- ^ a b c d Har Rai: Sikh Guru, Encyclopedia Britannica (2015)
- ^ a b c d e Arvind-Pal Singh Mandair (2013). Sikhism: A Guide for the Perplexed. Bloomsbury Academic. pp. 50–51. ISBN 978-1-4411-0231-7.
- ^ a b J. S. Grewal (1998). The Sikhs of the Punjab. Cambridge University Press. pp. 67–69. ISBN 978-0-521-63764-0.
- ^ William Owen Cole; Piara Singh Sambhi (1995). The Sikhs: Their Religious Beliefs and Practices. Sussex Academic Press. pp. 33–34. ISBN 978-1-898723-13-4.
- ^ a b Pashaura Singh; Louis E. Fenech (2014). The Oxford Handbook of Sikh Studies. Oxford University Press. p. 400. ISBN 978-0-19-969930-8.
- ^ J. S. Grewal (1998). The Sikhs of the Punjab. Cambridge University Press. pp. 62–63, 67–69. ISBN 978-0-521-63764-0.
- ^ Louis E. Fenech; W. H. McLeod (2014). Historical Dictionary of Sikhism. Rowman & Littlefield Publishers. p. 148. ISBN 978-1-4422-3601-1.
- ^ Pashaura Singh; Louis E. Fenech (2014). The Oxford Handbook of Sikh Studies. Oxford University Press. p. 41. ISBN 978-0-19-969930-8.
- ^ Surjit Singh Gandhi (2007). History of Sikh Gurus Retold: 1606–1708 C.E. Atlantic Publishers. pp. 590–591 with note 2. ISBN 978-81-269-0858-5.
- ^ Arvind-Pal Singh Mandair (2013). Sikhism: A Guide for the Perplexed. Bloomsbury Academic. pp. 226 with note 7. ISBN 978-1-4411-0231-7.
- ^ William Owen Cole; Piara Singh Sambhi (1995). The Sikhs: Their Religious Beliefs and Practices. Sussex Academic Press. pp. 20–21. ISBN 978-1-898723-13-4.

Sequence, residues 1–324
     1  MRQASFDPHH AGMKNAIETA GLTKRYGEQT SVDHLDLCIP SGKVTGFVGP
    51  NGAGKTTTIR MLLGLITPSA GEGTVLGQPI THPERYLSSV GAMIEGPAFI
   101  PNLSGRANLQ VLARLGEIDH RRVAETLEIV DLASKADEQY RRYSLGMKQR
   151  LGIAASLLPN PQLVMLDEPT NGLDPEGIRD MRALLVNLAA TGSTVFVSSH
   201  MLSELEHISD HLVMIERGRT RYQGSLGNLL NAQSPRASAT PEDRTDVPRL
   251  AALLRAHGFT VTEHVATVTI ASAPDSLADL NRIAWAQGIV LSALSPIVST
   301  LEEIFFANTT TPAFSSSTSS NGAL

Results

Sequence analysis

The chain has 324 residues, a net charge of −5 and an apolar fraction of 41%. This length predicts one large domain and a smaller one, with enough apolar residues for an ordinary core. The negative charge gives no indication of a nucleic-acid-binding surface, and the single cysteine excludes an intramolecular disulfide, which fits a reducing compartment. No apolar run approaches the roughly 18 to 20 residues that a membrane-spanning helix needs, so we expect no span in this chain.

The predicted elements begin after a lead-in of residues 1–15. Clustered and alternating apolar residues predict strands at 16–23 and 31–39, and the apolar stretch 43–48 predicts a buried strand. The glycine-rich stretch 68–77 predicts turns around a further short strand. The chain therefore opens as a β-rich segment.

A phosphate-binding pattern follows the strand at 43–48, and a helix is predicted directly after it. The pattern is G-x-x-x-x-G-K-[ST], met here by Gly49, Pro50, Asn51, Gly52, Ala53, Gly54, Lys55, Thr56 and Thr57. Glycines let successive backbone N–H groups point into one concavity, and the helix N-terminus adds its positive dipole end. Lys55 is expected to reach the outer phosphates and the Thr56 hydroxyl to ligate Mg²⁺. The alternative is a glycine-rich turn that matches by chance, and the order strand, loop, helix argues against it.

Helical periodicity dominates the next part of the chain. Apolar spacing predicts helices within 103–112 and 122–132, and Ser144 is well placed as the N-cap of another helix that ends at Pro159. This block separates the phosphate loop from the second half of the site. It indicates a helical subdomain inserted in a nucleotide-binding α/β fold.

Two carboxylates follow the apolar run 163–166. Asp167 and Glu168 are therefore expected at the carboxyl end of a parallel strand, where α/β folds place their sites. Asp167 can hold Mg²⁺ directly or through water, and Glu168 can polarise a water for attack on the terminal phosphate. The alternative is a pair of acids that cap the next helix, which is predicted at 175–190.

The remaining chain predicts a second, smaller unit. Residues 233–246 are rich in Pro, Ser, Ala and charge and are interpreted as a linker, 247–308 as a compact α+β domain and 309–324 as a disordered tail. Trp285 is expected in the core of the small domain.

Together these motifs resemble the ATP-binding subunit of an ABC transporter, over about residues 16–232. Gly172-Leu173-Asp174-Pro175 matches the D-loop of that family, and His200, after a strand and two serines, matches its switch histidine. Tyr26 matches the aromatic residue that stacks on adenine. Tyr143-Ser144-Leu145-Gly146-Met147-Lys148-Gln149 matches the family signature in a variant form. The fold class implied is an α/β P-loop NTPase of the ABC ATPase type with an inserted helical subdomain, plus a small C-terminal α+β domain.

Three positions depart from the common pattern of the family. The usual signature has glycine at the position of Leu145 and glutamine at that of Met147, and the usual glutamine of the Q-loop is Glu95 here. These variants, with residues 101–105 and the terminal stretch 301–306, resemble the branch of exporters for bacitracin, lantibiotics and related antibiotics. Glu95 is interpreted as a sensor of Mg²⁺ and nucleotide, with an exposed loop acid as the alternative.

- ^ a b Louis E. Fenech; W. H. McLeod (2014). Historical Dictionary of Sikhism. Rowman & Littlefield. pp. 29–30. ISBN 978-1-4422-3601-1.
- ^ Charles E. Farhadian (2015). Introducing World Religions. Baker Academic. p. 342. ISBN 978-1-4412-4650-9.
- ^ Surjit Singh Gandhi (2007). History of Sikh Gurus Retold: 1469–1606 C.E. Atlantic Publishers. pp. 365–367. ISBN 978-81-269-0857-8.
- ^ Holy People of the World: A Cross-cultural Encyclopedia. ABC-CLIO. 2004. p. 345. ISBN 978-1-57607-355-1.
- ^ a b c Singh, Sardar Harjeet (2009). Faith & Philosophy of Sikhism. Gyan Publishing House. pp. 103–104. ISBN 978-81-7835-721-8.
- ^ Faith and Philosophy of Sikhism Pg.103
- ^ Singh, Sardar Harjeet (2009). Faith & Philosophy of Sikhism. Gyan Publishing House. ISBN 978-81-7835-721-8.
- ^ Singh, Pashaura (26 September 2003). The Guru Granth Sahib: Canon, Meaning and Authority. Oxford University Press. ISBN 978-0-19-908773-0.
- Macauliffe, M.A. (1909). The Sikh Religion: Its Gurus Sacred Writings and Authors. Low Price Publications. ISBN 81-7536-132-8.
- Singh, Khushwant (1963). A History of the Sikhs: 1469-1839 Vol.1 (2nd ed.). Oxford University Press. ISBN 0-19-567308-5.
- Guru Har Rai, Sikhs.org
- Guru Har Rai, Sikh-History.com
- Guru Har Rai, Official Website of Gurudwara Shri Guru Har Rai Village Bhungarni